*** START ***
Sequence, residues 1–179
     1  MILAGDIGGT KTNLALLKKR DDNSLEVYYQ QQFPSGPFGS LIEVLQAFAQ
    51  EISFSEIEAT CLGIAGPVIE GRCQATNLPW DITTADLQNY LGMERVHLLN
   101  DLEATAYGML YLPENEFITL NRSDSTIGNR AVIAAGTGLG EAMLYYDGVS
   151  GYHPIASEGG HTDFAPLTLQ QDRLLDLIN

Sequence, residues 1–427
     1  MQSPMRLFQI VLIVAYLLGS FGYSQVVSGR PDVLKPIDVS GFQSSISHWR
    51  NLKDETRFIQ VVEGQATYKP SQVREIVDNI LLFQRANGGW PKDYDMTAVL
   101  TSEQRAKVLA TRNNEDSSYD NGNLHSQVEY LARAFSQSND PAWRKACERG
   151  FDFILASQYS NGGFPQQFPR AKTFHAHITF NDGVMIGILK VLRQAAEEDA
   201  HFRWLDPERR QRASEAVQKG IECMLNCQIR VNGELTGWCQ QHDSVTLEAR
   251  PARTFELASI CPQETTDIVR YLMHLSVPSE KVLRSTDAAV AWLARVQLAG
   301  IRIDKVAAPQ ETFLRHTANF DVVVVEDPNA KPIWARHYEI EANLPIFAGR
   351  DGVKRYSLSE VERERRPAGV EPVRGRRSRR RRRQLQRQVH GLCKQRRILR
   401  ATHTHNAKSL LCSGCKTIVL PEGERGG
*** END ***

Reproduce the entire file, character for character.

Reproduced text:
Sequence, residues 1–179
     1  MILAGDIGGT KTNLALLKKR DDNSLEVYYQ QQFPSGPFGS LIEVLQAFAQ
    51  EISFSEIEAT CLGIAGPVIE GRCQATNLPW DITTADLQNY LGMERVHLLN
   101  DLEATAYGML YLPENEFITL NRSDSTIGNR AVIAAGTGLG EAMLYYDGVS
   151  GYHPIASEGG HTDFAPLTLQ QDRLLDLIN

Sequence, residues 1–427
     1  MQSPMRLFQI VLIVAYLLGS FGYSQVVSGR PDVLKPIDVS GFQSSISHWR
    51  NLKDETRFIQ VVEGQATYKP SQVREIVDNI LLFQRANGGW PKDYDMTAVL
   101  TSEQRAKVLA TRNNEDSSYD NGNLHSQVEY LARAFSQSND PAWRKACERG
   151  FDFILASQYS NGGFPQQFPR AKTFHAHITF NDGVMIGILK VLRQAAEEDA
   201  HFRWLDPERR QRASEAVQKG IECMLNCQIR VNGELTGWCQ QHDSVTLEAR
   251  PARTFELASI CPQETTDIVR YLMHLSVPSE KVLRSTDAAV AWLARVQLAG
   301  IRIDKVAAPQ ETFLRHTANF DVVVVEDPNA KPIWARHYEI EANLPIFAGR
   351  DGVKRYSLSE VERERRPAGV EPVRGRRSRR RRRQLQRQVH GLCKQRRILR
   401  ATHTHNAKSL LCSGCKTIVL PEGERGG